Israel pioneered the art of using drones in combat. So it's a little surprising that the robotic spy planes got so little play in the accounts of the Sabras' recent conflict with Hezbollah. Flight International tries to fix that, with a detail-rich report card on how the Israeli unmanned air force performed.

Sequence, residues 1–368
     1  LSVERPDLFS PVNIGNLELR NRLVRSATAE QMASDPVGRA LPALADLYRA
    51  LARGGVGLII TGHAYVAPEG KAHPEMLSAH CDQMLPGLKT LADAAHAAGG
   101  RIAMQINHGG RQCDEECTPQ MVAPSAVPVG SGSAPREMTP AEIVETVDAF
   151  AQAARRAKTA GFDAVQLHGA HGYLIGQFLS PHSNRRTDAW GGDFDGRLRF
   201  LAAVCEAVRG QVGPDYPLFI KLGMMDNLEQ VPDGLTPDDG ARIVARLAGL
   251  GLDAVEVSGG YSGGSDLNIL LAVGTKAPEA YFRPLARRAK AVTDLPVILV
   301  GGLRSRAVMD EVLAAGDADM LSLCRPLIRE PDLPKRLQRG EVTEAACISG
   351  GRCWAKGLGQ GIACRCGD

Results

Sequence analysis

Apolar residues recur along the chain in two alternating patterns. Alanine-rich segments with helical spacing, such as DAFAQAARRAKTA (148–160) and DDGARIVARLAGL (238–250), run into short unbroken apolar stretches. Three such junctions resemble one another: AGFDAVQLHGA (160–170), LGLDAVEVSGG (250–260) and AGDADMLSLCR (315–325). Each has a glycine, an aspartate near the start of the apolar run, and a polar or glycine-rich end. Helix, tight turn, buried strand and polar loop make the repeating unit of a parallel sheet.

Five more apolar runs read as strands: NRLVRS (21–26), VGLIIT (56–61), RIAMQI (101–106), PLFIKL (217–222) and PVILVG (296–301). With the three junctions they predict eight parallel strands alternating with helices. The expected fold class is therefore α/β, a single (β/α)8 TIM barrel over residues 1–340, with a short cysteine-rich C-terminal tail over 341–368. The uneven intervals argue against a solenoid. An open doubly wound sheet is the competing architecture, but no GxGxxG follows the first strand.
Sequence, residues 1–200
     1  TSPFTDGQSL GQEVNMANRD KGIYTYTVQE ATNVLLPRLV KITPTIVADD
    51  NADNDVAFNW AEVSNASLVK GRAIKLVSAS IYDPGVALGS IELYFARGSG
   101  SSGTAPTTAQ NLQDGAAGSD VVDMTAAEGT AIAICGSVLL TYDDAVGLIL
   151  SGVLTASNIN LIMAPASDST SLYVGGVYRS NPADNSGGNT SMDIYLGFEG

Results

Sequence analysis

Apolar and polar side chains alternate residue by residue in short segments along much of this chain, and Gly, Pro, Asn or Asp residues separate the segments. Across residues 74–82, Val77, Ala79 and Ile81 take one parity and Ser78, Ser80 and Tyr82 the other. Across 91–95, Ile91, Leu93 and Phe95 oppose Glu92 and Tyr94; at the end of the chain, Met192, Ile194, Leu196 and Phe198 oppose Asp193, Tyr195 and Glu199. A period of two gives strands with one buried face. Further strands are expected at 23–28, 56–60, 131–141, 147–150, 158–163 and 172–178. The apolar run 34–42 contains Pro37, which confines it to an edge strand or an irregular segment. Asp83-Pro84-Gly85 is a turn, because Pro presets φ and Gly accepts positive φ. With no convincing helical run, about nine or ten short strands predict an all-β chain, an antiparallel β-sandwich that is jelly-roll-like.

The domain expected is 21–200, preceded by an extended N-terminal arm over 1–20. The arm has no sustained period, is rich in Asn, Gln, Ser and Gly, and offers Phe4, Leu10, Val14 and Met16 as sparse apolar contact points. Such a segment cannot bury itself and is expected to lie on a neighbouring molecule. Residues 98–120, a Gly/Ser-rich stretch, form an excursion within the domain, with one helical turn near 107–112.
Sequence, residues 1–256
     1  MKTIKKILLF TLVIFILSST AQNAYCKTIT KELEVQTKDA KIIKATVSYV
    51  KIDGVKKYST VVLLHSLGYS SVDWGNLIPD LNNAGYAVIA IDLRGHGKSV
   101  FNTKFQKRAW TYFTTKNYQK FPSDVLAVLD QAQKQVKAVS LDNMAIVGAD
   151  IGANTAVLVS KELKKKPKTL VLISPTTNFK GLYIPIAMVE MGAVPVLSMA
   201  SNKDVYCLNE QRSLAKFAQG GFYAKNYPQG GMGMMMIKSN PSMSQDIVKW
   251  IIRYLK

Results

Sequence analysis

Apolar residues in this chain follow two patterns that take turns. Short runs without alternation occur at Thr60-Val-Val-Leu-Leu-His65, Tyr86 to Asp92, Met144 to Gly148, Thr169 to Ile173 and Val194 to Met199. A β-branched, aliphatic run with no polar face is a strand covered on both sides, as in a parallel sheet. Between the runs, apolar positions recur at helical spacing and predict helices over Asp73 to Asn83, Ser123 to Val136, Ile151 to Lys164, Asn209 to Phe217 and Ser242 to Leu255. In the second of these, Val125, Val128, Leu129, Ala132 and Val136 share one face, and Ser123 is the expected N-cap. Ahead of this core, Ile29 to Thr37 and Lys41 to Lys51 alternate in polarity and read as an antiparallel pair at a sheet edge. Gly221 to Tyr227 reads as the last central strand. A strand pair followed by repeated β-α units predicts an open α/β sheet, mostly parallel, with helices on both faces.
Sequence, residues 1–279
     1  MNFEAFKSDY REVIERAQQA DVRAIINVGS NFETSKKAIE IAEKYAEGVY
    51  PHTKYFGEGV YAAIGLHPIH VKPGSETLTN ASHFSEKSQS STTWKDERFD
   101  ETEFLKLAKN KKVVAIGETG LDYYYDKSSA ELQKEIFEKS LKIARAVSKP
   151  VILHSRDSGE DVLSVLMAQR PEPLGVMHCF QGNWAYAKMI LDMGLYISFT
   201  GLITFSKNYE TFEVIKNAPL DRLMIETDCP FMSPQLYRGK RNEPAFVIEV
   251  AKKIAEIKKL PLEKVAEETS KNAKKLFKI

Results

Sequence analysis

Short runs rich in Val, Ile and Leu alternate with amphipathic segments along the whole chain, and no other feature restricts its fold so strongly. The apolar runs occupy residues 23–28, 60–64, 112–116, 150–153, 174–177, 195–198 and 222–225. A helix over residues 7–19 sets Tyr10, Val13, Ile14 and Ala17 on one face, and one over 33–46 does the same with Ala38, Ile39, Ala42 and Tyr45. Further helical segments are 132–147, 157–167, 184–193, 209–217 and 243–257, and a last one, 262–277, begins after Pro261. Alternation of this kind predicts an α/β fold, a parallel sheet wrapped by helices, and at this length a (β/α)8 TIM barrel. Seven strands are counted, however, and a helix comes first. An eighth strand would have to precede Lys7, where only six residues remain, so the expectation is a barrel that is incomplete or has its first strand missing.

With the outbreak of hostilities on 12 July, the air force focused its efforts on suppressing Hezbollah's launch capabilities, cutting off its resupply routes from Syria and destroying the fully Hezbollah-controlled quarter of Beirut. UAVs [unmanned aerial vehicles] served as the eyes and ears for these operations, launching from bases in central and northern Israel and also from landing strips usually employed by crop-spraying aircraft after rockets landed near air force facilities in northern Israel...Israel Aircraft Industries (IAI) sources say the air force's recently delivered Heron 1 UAVs performed "beyond expectation" during the war, and demonstrated the full extent of the type's endurance while flying day and night missions over enemy territory. Heron air vehicles flew hundreds of sorties and amassed thousands of flight hours carrying 250kg (550lb) payloads comprising a variety of sensors. IAI says the medium-altitiude, long-endurance vehicle provided unmatched reliability, with no mission aborts.Air force sources say the Heron was used mainly for electronic-intelligence missions over Lebanon. The service's IAI Searcher 2s also flew thousands of mission hours with excellent reliability, IAI says.The air force also accumulated 15,000 flight hours with its Elbit Systems Hermes 450 UAVs in the conflict, flying round-the-clock missions with the type, which had previously recorded an annual usage rate of 10,000h. Three Hermes 450s crashed during the war: two as a result of technical problems and one due to operator error, with air force Lockheed Martin F-16 fighters having subsequently bombed the wreckage. Lebanese sources quoted in the Arab language press say the Hermes 450 was also used for precision attack missions. The Israeli air force declines to comment...Sources say Hezbollah was ready for the UAVs and in many cases camouflaged rocket launchers, particularly with the use of special "carpets" that absorbed the sun's heat and radiated it at night to affect the efficiency of Israeli thermal sensors. "In many cases we had to detect the launch flash to determine the location of the launcher," says an air force source.As well as highlighting the need for improved sensors, the campaign has prompted the Israeli air and defence forces to work together on an operating concept that will allow their UAVs to combine to provide a more detailed picture of an area of interest. "We will need improved optical payloads for day and night and a joint operational pattern between the Hermes 450 and the Skylark mini UAV," says one source. Another lesson learned is the need to equip tactical UAVs with countermeasures similar to those carried by manned aircraft.